The gorgeous flowers that okra produces are not just beautiful, they're also edible! Rich in Vitamin A and low in calories, okra flowers are delicious when breaded and lightly fried and make a great and surprising addition to your meals.

Okra Plant Spacing

Maximizing Space

If you transplant your okra seedlings in the Spring, be sure to check the weather to know that the danger of frost has passed and the okra plants are firmly rooted in their start trays. Test the plants by very gently tugging on the base of the stem and if all of the roots and soil stay in tact, they are likely ready for transplant into the ground.

Stepping Up Okra

If the danger of frost has not quite passed but your okra plants are outgrowing their cells, transplanting them temporarily into 4″ pots will give the root system more time to develop while staying in a controlled environment.

Hardening Off Okra

Because okra doesn’t tolerate the cold very well, they need more time to adapt to the cooler air outside of the greenhouse. This adaptation process is called hardening off. For okra, it’s best to let the plant dry out slightly, stop fertilizing, and put them outside during the day to let cooler air circulate around them to help with the transition.

In-Ground Planting

Row Spacing – 3 to 4 feet
Plant Spacing – 12 to 24 inches
Planting Depth – Transplant at soil level

Raised Bed & Container Planting

Row Spacing – 2 feet
Plant Spacing – 12 inches
Planting Depth – Transplant at soil level

Okra Plant Soil, Irrigation, & Fertilizer

Soil Requirements to Grow Okra

  • Well-draining loam
  • pH between 6.0 and 6.8
  • Rich in organic materials
  • Good quality compost added to the soil

HOSS always recommends getting a soil sample to your local extension office several weeks before planting. Once you get your results, you will need plenty of time to adjust your soil accordingly and make sure your plants are getting the best nutrients possible as soon as they hit the ground.

Click here to find your local extension office.

Using a Drip Irrigation System

Maximizing Space

Drip irrigation will control the amount of water each plant gets and will push water into the soil slowly and precisely for maximum absorption. Too much water too fast can cause stress to the plants and keep oxygen from getting to the root systems. On the flip side, too little water can result in low yields and increased disease and pest issues, and a host of other problems. As a good rule of thumb, regardless of how you water your okra plants, be sure they’re getting at least 1 to 2 inches of water per week but checking in on your plants and watering as needed is really the best way to manage irrigation for okra.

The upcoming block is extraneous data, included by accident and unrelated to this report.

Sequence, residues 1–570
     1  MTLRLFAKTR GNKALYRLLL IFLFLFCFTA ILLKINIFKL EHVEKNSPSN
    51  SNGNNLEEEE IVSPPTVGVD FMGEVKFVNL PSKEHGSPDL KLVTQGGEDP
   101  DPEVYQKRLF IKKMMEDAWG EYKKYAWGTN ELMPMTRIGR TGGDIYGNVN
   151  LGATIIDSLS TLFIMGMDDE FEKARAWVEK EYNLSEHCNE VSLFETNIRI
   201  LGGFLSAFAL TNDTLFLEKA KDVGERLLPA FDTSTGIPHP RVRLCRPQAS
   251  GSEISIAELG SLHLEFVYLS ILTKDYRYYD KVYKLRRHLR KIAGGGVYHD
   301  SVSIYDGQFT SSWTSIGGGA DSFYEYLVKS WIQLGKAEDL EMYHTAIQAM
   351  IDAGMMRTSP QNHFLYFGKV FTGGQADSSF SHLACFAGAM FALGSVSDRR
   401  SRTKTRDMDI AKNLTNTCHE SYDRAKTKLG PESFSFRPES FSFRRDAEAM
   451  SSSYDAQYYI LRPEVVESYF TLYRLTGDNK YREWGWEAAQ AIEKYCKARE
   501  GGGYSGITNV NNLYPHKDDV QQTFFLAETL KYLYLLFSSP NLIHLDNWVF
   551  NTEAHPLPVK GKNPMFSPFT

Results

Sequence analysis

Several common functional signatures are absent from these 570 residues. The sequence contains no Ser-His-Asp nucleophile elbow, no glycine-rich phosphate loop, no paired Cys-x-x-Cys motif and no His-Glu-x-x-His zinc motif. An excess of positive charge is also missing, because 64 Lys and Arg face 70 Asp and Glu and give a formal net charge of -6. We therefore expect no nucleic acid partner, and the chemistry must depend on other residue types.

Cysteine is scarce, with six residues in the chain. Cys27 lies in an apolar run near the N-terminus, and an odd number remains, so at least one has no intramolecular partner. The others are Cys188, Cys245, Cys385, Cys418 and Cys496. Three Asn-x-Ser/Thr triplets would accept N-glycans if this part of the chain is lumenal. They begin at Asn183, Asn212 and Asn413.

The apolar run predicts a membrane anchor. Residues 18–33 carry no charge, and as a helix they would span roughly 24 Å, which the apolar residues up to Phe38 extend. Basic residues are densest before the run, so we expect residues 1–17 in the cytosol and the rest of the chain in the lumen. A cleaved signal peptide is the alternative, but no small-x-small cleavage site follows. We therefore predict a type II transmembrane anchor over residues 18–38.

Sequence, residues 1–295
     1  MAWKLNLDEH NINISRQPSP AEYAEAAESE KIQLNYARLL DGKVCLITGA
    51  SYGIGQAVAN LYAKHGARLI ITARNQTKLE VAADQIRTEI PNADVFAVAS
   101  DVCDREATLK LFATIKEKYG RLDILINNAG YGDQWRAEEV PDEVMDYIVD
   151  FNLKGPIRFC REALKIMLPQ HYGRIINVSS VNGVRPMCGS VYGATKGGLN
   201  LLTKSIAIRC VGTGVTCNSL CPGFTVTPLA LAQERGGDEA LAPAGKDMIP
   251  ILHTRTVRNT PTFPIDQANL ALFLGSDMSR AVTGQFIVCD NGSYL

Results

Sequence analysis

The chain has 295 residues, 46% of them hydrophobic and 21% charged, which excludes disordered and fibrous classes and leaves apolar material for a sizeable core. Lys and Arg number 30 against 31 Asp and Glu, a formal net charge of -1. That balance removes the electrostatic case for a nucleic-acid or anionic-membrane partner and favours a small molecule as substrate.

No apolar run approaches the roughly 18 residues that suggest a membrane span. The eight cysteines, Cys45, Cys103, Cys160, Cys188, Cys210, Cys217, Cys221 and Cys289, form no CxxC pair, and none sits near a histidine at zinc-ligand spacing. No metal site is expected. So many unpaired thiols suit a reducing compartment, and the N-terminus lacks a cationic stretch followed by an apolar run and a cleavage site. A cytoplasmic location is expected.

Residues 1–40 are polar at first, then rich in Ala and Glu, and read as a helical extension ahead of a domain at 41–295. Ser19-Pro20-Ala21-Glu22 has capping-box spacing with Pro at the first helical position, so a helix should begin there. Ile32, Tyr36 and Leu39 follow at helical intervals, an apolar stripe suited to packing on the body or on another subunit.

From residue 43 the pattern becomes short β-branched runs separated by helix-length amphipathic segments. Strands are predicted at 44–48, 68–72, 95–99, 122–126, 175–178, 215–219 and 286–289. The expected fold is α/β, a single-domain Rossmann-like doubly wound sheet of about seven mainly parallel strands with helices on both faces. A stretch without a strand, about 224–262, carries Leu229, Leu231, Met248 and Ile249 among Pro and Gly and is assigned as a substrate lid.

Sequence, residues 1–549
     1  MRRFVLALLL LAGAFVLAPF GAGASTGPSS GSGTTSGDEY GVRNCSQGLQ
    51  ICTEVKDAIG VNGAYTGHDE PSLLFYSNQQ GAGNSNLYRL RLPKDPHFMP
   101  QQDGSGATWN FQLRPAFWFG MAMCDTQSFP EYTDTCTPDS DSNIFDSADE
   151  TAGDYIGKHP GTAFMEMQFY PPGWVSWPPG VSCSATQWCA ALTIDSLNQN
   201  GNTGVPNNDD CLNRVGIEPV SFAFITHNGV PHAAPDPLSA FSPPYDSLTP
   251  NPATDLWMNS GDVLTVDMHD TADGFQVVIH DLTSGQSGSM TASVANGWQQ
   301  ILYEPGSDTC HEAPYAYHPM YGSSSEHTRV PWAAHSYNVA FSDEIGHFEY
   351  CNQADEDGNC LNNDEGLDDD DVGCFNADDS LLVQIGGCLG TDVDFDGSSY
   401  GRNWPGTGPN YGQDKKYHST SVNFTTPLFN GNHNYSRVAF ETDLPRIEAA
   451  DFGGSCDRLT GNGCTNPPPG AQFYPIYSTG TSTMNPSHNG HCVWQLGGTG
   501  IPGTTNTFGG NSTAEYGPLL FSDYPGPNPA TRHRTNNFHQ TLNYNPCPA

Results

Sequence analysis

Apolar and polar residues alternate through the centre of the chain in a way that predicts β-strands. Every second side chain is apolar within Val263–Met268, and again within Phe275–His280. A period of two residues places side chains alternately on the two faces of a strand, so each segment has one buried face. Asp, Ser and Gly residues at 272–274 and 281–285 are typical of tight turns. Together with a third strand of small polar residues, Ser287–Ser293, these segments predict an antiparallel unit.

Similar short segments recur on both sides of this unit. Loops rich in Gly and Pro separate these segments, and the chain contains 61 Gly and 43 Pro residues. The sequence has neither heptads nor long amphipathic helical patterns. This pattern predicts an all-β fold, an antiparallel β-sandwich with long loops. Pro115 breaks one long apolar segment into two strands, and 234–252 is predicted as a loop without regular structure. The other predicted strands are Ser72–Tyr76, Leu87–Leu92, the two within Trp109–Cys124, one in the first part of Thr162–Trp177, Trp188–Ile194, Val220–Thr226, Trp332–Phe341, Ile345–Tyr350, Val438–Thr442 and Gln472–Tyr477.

Being sure to not only water enough, but the right way will be a major factor in your crop. Drip irrigation is the only method we recommend for irrigating your okra plants. Overhead watering is not a good option because having moisture on the leaves can introduce problems like disease and pest control resistance. Getting water directly to the base of the plant will help prevent excess evaporation, disease spreading through the crop from moisture on the leaves, and ensures water gets down into the soil directly to the root.
However, if you are growing okra in containers or drip irrigation is not an option, using the Dramm Watering Can will help you to direct water to the bottom of the plant at the root system and avoid getting moisture on the leaves.

Raised Bed & Container Fertilizer Schedule

Several Weeks Before Planting

Test your soil at your local extension office.

1 Week Before Planting

After adjusting soil pH to 6.2 – 6.8, mix 1 1/2 cups per 10 ft. of row of Hoss Complete Organic Fertilizer with your soil.

2 Weeks After Planting